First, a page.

• Wyatt began his treatment for PLTD at AFLAC when he was 10-years-old. Wyatt is a heart transplant patient and gets routine labs. He had some labs come back with results that were very unusual for him. He was admitted at Egelston to find the source and referred to Aflac when he was diagnosed with stage 3 Large B Cell Lymphoma (PTLD). Wyatt has spent a lot of time on the Aflac floor inpatient since his diagnosis. Besides getting inpatient chemo he has had several complications including fevers, anemia, BK virus and severe mucositis. >>More from WSB Radio 2019 Care-a-Thon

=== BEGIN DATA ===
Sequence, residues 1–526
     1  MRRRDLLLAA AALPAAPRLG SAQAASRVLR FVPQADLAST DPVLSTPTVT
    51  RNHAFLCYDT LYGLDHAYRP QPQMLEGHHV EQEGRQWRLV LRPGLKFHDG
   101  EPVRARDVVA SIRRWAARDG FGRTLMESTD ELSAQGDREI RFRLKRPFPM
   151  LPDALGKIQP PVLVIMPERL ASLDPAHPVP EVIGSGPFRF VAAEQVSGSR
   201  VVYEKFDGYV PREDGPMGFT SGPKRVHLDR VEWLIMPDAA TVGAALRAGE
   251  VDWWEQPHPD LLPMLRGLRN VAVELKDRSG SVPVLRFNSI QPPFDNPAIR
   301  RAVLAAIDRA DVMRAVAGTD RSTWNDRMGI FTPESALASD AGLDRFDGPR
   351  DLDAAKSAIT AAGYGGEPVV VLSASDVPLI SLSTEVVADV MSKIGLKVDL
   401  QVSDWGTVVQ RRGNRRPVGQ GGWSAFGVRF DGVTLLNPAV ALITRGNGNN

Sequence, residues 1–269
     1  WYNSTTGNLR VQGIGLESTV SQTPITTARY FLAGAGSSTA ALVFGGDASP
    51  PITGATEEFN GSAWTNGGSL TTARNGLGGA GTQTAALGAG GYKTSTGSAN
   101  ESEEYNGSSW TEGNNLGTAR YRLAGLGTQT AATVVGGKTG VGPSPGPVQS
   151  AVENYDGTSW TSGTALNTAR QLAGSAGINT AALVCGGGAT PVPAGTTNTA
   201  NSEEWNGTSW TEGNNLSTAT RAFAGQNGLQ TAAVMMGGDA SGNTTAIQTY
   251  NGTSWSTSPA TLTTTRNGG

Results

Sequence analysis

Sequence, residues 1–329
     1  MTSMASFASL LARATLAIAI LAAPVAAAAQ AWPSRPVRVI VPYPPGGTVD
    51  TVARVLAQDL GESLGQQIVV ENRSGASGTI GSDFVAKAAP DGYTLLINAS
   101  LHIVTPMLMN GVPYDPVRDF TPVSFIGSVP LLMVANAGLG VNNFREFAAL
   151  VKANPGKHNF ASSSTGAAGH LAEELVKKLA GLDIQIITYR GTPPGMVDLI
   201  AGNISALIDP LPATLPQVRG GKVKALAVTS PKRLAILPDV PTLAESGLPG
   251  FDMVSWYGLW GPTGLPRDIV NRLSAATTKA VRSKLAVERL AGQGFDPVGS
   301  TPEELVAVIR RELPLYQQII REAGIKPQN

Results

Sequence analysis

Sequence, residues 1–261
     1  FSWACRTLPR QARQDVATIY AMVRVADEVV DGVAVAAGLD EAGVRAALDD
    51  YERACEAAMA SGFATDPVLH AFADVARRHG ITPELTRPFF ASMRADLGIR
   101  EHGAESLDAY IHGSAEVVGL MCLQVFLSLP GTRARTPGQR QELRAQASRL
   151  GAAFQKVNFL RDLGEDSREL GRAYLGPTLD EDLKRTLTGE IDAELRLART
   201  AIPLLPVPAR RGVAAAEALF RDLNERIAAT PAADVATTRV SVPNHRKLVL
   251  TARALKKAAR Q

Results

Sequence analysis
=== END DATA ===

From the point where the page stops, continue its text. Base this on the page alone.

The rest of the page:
• Teryn was born with Sickle Cell Anemia. We found out at 3 months old. She was hospitalized for the first time at 6 months. Teryn rode in an ambulance alone to the hospital. She laughed and smiled while her mom and grandma cried; she thought it was funny. The ambulance driver said she smiled the whole time. Sickle Cell affects Teryn mostly in her lungs, exasperating her asthma.  At seven years old she coded after a surgery on her tonsils and adenoids. She was put in ICU and had a brain injury which she could not remember her numbers, alphabets, put on clothes, shoes, etc. She rose above all of this to become an A/B student, honor roll in the gifted program. In 2017, she developed germ cell cancer and had to have a tumor removed.  >>More from WSB Radio 2019 Care-a-Thon